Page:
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Old 18th Aug 2010, 01:20
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John T:

However, my limited understanding on copyright is that one can copy limited exerpts from a copyright document for review, research, etc.
It's "fair use" under US copyright law. Besides, Jeppesen just does not get excited over snippets to make a point.
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Old 18th Aug 2010, 03:08
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Whew .. that's a relief .. I had visions of the US folks coming after me with guns all a-blazin'.
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Old 27th Aug 2010, 21:07
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Originally Posted by clark y View Post
Leebrensten,

It is the MOCA.

I've asked a Jepp rep. to explain the difference between the two altitudes. His reply was that the 3000' is where the profile/3 degree slope starts (constant angle) where as the 1100T is the lowest you can go if you choose to "dive and drive".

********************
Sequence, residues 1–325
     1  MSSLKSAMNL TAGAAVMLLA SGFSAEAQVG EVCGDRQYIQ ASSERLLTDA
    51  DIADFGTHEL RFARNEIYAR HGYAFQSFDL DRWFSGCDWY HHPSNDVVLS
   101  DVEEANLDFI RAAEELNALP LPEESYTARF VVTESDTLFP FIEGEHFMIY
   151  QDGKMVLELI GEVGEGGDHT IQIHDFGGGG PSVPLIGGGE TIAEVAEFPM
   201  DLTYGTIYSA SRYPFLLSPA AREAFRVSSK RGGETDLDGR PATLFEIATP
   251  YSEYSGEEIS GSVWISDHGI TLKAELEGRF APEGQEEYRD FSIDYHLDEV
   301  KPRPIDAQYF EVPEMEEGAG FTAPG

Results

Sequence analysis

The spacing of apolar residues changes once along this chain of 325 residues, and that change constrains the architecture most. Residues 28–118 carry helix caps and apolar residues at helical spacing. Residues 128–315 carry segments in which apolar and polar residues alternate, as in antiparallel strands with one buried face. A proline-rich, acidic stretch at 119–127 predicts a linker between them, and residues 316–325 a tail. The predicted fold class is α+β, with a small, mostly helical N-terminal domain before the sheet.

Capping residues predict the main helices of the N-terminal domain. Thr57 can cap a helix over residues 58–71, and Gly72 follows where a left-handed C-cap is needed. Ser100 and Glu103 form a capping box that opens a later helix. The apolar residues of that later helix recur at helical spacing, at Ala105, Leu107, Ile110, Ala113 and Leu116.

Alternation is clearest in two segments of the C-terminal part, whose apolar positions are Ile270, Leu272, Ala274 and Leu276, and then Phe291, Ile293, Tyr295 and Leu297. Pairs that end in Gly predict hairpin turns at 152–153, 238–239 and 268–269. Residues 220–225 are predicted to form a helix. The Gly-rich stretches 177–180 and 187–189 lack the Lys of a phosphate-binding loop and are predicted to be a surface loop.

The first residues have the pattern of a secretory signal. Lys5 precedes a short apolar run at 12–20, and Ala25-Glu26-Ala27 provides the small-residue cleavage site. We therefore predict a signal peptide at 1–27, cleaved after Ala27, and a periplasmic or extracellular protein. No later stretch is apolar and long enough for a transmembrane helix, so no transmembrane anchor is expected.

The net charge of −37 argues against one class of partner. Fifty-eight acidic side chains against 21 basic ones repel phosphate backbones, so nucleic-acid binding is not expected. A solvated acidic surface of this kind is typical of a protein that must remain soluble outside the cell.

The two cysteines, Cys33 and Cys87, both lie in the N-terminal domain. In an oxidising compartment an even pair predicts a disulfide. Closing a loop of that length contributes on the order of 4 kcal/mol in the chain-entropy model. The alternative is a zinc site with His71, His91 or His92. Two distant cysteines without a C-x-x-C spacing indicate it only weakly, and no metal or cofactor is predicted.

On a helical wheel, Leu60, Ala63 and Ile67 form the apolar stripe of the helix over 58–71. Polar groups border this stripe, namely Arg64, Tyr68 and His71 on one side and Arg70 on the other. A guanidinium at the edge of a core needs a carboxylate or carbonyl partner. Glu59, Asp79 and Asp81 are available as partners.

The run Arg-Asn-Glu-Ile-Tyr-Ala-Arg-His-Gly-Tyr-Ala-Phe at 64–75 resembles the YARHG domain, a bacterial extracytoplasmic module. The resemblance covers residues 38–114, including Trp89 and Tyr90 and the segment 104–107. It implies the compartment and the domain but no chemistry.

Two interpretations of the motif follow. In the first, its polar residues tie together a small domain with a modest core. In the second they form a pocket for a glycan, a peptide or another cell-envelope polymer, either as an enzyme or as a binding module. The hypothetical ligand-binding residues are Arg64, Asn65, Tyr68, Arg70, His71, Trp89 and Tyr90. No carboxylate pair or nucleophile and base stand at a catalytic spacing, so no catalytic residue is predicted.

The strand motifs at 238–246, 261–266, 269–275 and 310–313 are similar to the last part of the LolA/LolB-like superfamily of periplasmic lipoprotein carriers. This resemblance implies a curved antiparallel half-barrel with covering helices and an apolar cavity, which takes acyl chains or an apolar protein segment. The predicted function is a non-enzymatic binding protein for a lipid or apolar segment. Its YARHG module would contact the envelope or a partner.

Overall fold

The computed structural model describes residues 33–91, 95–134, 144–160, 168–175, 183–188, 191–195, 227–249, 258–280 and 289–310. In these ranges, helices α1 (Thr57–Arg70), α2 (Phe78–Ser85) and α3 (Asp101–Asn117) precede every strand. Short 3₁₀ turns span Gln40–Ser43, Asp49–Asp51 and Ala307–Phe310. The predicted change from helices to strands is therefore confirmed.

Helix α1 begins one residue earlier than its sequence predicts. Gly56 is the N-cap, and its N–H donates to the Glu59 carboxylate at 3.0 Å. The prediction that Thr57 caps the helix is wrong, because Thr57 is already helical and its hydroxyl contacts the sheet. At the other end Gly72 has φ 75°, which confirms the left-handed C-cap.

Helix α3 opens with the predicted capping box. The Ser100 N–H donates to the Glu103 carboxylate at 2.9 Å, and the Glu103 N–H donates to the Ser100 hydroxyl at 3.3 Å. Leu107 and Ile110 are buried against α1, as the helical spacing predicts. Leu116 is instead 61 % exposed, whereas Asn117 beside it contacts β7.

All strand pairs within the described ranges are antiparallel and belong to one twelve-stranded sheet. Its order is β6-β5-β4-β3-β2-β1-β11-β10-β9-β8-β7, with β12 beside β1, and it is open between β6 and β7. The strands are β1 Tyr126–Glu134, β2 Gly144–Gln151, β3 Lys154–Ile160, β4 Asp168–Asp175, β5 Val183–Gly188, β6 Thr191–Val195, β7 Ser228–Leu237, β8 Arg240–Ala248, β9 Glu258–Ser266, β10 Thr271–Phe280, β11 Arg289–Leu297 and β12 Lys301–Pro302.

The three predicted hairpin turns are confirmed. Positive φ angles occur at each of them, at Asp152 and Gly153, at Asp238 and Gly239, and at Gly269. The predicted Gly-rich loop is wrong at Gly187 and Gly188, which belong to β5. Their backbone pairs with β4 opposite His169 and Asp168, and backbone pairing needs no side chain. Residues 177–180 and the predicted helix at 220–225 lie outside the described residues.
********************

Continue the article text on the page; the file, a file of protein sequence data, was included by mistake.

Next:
So the profile on the chart should show the DME/ optimum altitude from 3000'.


Clark y.
I don't doubt what you say which is my interpretation of the plate as well. But could you ask your Jeppy rep exactly where in their manuals is this explained. We could not find anything in the chart legends which explains the terminology used on this chart.

I think 1100 ft is also the height which is the lowest to use if your sole means of navigation is by reading road signs. It would certainly raise a few eyebrows
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Old 28th Aug 2010, 06:47
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From the Jeppesen introduction section (abbreviations):

T - Terrain clearance altitude (MOCA)
From the Jeppesen introduction section (enroute chart legend):

1300T - MOCA (minimum obstruction clearance altitude)
Nothing mentioned in the approach chart legend though.